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Devdutt Pattanaik on Mothers

Mothers have been an important mainstay in epics, folk tales and mythologies for generations. Today, as we celebrate Mother’s Day, here is an exclusive excerpt on mothers from Devdutt’s Devlok 2.
A mother gives birth to a child. But did god give birth to the mother or did a mother give birth to god?
As interesting as the question is, the answer too is not simple. In a temple, the space where a god’s image is kept is known as garbha griha; that is, god is residing inside the garbha. Garbha means womb. Whose womb is this? A temple itself has been seen as a woman, a mother. Spiritually, Prakriti is everyone’s mother. Prakriti has given birth to sanskriti (culture). God’s mother is also Prakriti.
The Rigveda has this interesting sentence that Daksha gave birth to Aditi and Aditi gave birth to Daksha; that is, the father created the mother and the mother created the father. When you go way back in the past, the division between father and mother collapses. With god, this concept does not hold because god is swayambhu—he has given birth to himself; he is his own mother. Two words are used often in the Puranas – Yonija (born of the womb) and Swayambhu (who gives birth to self). God is always swayambhu, but his avatars are yonija; they experience birth and death. For instance, Ram is an avatar, so he is born and dies. He has a mother, Kaushalya. Krishna, likewise, has a mother, Devaki. Shiva is swayambhu.
In Tantra parampara, where goddesses are given a lot of importance, the stories and folk tales speak of how in the beginning of the world there was only a devi/Prakriti called Adi Maya Shakti. She gave birth to three eggs from which were born Brahma, Vishnu and Shiva. She is therefore called Triamba (one who gave birth to three children). This does not happen in puranic stories. In Shakt parampara, god does have a mother. In Vaishnav parampara, god gives birth to himself; and he creates the world and its creatures from himself. In Shaiva parampara, Shiva gives birth to himself; he is swayambhu, doesn’t have a mother, but gives birth to all mothers.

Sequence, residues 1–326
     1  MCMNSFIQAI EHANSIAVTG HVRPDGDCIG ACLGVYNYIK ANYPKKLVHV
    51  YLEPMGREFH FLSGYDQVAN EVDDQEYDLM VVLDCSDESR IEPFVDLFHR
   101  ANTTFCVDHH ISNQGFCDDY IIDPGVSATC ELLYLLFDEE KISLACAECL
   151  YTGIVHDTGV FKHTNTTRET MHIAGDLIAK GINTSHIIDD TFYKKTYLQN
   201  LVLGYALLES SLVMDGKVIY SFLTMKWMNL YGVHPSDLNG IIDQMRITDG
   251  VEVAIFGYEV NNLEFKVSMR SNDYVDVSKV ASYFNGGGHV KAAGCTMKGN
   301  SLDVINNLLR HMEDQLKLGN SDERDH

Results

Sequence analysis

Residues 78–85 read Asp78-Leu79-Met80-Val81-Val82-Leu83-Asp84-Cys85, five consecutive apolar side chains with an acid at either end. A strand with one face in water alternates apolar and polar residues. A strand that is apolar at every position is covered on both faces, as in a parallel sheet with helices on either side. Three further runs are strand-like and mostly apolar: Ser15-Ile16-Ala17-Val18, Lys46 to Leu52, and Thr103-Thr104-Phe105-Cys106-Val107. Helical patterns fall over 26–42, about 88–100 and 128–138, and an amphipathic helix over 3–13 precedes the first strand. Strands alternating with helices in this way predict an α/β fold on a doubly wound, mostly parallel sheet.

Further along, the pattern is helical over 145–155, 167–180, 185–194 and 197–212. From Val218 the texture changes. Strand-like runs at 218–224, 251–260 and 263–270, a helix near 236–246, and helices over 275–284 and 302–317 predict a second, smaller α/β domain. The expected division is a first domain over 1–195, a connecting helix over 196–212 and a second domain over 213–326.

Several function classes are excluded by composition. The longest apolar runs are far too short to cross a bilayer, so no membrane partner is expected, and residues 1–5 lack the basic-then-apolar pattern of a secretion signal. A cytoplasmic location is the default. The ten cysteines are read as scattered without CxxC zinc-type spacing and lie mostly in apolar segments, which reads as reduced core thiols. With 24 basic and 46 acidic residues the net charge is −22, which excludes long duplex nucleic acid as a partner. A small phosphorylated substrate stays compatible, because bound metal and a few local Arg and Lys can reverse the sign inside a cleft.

Devi is sometimes called a kumari (virgin) and sometimes mata (mother). How is that?
Christianity has a concept of the virgin mother who is Jesus’s mother. The word kumari, in India and in the world, does no necessarily mean virgin. It means a woman who is independent, who has no husband, and no man has a right over her. She has no ties and is completely liberated. So she is both mata and kumari, that is, an independent mother. Her hair is always depicted untied, to symbolize her freedom. No one can have dominance over Prakriti.
In Vaishnodevi or Kal Bhairav temples, the story is that of Bhairav wanting to have a relationship with the goddess; the goddess refused and cut off his head. ‘You cannot control me.’ Kal Bhairav then becomes her guard. In another story, when Brahma’s fifth head wanted a right over her, Bhairav cut off his head. Such are the violent stories associated with kumari.
The symbolic meaning could be that man’s ego prevents a devi from becoming a kumari, which is why he gets cursed or gets his head cut off. These are spiritual, metaphysical topics.
Shiva was swayambhu, but who was his son Karitkeya’s mother—Parvati or Ganga?
In Shiv Puran, the story is that after their marriage, Shiva says he has no need for a child. He says, ‘I am swayambhu, anadi, anant, without beginning or end; I will never die. So why do I need children?’ Devi says, ‘But I want children; I want to be a mother.’ An interesting conflict arises here. When Shiva is about to offer his seed, all gods and goddesses say that Shiva’s seed cannot be accommodated in just one womb; it should be placed in many wombs. The story goes that his seed is so hot that no one can touch it. First is is given to Vayu, wind, in the beliefe that he’ll be able to cool it down, but he fails. Vayu gives the seed to Agni, fire, who too cannot hold it. He passes it on to Ganga and her waters starts boiling. The reed forests (Sara-vana) near the river start burning. From the ash of those reeds, a child emerges. In some stories, it is six children who emerge. As the infants start crying, Krittika nakshatra, constellation of six stars, descend from the sky as the childrens’ mothers and feed them milk. Finally, Gauri, Shiva’s wife, joins the six children together. That child is Kartikeya, also called Shanmukha, or one with six heads.